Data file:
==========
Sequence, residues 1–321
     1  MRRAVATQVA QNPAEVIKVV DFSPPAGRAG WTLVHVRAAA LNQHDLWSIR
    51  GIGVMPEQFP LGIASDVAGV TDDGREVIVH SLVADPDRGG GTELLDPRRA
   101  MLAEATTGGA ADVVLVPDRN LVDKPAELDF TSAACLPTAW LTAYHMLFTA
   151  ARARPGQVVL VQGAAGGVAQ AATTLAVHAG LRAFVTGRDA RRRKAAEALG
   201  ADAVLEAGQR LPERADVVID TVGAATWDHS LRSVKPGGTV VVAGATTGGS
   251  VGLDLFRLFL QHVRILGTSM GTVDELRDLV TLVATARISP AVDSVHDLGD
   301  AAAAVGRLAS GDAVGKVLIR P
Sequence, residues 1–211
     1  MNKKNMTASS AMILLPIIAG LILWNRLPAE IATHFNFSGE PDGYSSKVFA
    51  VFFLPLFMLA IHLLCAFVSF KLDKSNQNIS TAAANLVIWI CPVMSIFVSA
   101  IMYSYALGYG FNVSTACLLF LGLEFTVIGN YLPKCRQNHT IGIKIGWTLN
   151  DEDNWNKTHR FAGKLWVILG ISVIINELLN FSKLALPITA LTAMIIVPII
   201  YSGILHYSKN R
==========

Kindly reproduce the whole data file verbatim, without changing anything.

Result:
Sequence, residues 1–321
     1  MRRAVATQVA QNPAEVIKVV DFSPPAGRAG WTLVHVRAAA LNQHDLWSIR
    51  GIGVMPEQFP LGIASDVAGV TDDGREVIVH SLVADPDRGG GTELLDPRRA
   101  MLAEATTGGA ADVVLVPDRN LVDKPAELDF TSAACLPTAW LTAYHMLFTA
   151  ARARPGQVVL VQGAAGGVAQ AATTLAVHAG LRAFVTGRDA RRRKAAEALG
   201  ADAVLEAGQR LPERADVVID TVGAATWDHS LRSVKPGGTV VVAGATTGGS
   251  VGLDLFRLFL QHVRILGTSM GTVDELRDLV TLVATARISP AVDSVHDLGD
   301  AAAAVGRLAS GDAVGKVLIR P
Sequence, residues 1–211
     1  MNKKNMTASS AMILLPIIAG LILWNRLPAE IATHFNFSGE PDGYSSKVFA
    51  VFFLPLFMLA IHLLCAFVSF KLDKSNQNIS TAAANLVIWI CPVMSIFVSA
   101  IMYSYALGYG FNVSTACLLF LGLEFTVIGN YLPKCRQNHT IGIKIGWTLN
   151  DEDNWNKTHR FAGKLWVILG ISVIINELLN FSKLALPITA LTAMIIVPII
   201  YSGILHYSKN R